The club itself is quite a lovely place, a two-story shingle-sided building, comfortable but not excessively lavish, set on a secluded stretch of beach. The broken shell parking area was full of old-fashioned but well-maintained cars, ranging from a pretty badass old LaSalle convertible to a Volvo station wagon of possibly 1990s vintage. Nothing, so far as I could see, from the present century. Inside, the floor plan is mostly open, with tall doors opening onto a patio and from there, the beach. It turned out there was a changing area with lockers for valuables, but since I had already changed I headed straight for the water. The beach was busy but not crowded, boisterous but not loud. There were a good many children, all of whom seemed remarkably well behaved for kids just released to summer vacation. There was a small library, too, and even though I’d brought a book of my own, I took a quick inventory, impressed to see, in addition to the expected thrillers and mysteries, a few quite enormous reads, including William Gaddis’s The Recognitions and The Anatomy of Melancholy by Robert Burton.

I set up on a lounge chair beneath one of the abundant beach umbrellas lining the shore, and spent the next hour or so reading and watching the waves. Before long, the day began to heat up, and I decided it was time for a swim. The swimming area was quite overrun by then, and I didn’t much like the idea of fighting for space with screaming children. Fortunately, there was plenty of ocean outside the roped-in boundary—but as I made my way toward the water, I heard someone call out, “Sir! Excuse me, sir! You can’t go in there!” At first, I didn’t think I was the “sir” in question, until the voice said, “Hey, mister! You in the plaid bathing suit!”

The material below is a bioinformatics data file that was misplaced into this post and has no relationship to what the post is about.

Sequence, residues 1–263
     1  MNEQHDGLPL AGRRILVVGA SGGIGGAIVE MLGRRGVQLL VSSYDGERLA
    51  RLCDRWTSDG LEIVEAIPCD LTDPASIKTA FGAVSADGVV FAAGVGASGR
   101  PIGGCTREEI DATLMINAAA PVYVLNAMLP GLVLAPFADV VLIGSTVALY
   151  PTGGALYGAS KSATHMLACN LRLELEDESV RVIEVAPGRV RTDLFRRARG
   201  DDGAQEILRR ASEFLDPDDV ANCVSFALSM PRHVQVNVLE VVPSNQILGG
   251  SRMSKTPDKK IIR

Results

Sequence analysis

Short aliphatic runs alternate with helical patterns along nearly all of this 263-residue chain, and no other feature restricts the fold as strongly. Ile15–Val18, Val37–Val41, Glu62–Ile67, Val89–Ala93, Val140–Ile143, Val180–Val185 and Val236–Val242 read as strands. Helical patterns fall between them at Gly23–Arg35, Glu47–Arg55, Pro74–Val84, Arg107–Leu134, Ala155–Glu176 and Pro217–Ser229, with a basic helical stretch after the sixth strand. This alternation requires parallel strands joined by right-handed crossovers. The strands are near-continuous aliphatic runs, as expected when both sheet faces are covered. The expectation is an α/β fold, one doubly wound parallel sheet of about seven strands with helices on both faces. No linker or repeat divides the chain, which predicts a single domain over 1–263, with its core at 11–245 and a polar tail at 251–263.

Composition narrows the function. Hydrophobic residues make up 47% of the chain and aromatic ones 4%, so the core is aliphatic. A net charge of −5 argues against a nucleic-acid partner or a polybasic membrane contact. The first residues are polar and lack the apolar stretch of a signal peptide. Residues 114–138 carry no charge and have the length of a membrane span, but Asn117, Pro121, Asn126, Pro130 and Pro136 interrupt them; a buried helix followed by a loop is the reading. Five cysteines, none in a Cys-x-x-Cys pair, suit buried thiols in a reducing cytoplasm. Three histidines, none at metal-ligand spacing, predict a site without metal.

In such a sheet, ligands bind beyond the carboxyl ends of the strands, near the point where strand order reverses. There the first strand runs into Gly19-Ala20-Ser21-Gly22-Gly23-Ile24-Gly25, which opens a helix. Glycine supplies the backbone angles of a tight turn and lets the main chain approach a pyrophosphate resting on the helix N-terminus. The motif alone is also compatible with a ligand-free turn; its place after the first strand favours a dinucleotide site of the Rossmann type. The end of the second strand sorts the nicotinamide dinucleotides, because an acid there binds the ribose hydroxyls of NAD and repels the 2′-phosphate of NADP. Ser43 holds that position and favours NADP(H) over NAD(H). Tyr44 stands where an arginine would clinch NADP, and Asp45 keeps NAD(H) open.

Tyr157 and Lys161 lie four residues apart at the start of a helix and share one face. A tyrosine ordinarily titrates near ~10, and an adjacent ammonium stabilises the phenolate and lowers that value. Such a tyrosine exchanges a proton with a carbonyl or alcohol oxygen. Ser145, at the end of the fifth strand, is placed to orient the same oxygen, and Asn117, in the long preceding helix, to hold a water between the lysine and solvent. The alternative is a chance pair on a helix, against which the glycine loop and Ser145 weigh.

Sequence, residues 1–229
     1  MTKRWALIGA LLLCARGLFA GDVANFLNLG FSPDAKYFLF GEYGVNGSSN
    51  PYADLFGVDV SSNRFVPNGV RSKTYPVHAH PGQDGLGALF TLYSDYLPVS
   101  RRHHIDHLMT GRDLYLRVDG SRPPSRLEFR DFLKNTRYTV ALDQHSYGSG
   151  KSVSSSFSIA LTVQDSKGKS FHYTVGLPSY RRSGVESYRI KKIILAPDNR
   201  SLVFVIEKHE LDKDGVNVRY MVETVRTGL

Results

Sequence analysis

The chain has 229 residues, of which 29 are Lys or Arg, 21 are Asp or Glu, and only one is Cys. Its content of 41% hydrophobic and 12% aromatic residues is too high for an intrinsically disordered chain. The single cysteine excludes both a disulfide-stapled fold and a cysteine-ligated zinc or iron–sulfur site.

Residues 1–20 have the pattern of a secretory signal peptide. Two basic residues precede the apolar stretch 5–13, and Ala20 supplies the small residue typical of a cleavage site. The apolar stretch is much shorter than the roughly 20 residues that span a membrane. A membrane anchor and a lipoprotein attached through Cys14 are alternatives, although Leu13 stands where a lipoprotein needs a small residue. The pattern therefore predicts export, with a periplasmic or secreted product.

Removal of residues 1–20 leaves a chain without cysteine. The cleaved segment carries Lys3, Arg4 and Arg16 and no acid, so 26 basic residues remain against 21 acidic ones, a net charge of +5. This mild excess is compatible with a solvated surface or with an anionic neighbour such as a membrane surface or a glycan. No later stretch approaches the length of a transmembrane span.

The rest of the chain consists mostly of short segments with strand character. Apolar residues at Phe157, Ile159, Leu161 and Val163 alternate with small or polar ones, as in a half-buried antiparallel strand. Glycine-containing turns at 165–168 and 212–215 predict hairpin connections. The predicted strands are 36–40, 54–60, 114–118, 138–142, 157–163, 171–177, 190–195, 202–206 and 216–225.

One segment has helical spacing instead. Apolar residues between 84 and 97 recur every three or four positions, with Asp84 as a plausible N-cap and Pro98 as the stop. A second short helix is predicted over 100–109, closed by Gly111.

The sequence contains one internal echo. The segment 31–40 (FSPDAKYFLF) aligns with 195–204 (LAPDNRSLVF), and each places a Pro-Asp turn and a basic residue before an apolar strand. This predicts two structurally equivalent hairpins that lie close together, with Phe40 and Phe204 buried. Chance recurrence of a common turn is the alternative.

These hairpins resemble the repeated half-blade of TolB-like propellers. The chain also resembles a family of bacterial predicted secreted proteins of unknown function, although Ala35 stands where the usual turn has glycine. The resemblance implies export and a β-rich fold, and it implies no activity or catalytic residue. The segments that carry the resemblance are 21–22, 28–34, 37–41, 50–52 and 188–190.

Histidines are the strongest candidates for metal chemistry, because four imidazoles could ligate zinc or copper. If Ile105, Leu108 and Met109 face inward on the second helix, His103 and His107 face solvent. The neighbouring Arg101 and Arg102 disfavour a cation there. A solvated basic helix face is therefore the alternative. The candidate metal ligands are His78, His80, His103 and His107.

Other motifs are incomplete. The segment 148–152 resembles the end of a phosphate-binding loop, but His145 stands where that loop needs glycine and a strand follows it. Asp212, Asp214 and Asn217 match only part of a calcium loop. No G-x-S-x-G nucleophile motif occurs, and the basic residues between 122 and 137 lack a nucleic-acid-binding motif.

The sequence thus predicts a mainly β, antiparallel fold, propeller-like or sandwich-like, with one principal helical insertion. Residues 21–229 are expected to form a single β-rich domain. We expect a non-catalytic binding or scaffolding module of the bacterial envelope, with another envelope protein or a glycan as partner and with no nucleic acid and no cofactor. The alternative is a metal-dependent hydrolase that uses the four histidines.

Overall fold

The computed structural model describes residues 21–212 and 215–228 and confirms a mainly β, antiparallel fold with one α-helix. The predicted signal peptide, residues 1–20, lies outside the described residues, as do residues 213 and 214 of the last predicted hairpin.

That was me, readers. I stopped and looked around for the source of the voice, and discovered a peculiar young man running toward me along the sand. He was maybe twelve or thirteen years old, and he was not dressed for the beach. Not only was he without a swimsuit, he was covered from head to toe in some kind of metallic getup. He had pads and plates on his arms and chest, and a thick face cage, like a catcher’s mask. He looked like he was getting ready to feed a pack of hungry bears. “Excuse me, young man, are you talking to me?” I asked.

“Yes, sir,” he said. “I’m sorry, but you need to stay in the swimming area.”

He seemed like a very polite young man, and to me, at least, his outfit didn’t seem that strange. I could imagine how a kid, especially a geeky kid with an active imagination, might not go in for the traditional beach activities, and would prefer some fantasy-themed costume to the more traditional swimsuit and sunglasses. He probably got enough grief from other children his age, less socially awkward children who would spend this summer going on mock dates and having first kisses while this kid clanked around in a world of his own. Maybe I was projecting a bit. Anyway, he didn’t need me hassling him, too. “Oh, don’t worry about me,” I said. “I’m a pretty good swimmer.”

“Sure, sir,” he said from inside his catcher’s mask, “but I still can’t let you go outside the designated swimming area. It’s not allowed.”

“I just want to take a quick dip,” I said, and made to continue on my way.

“I sorry sir,” he said, louder but still very polite. “I can’t allow it.”

“Why not?” I asked, turning to glare at him. “Are you the lifeguard?”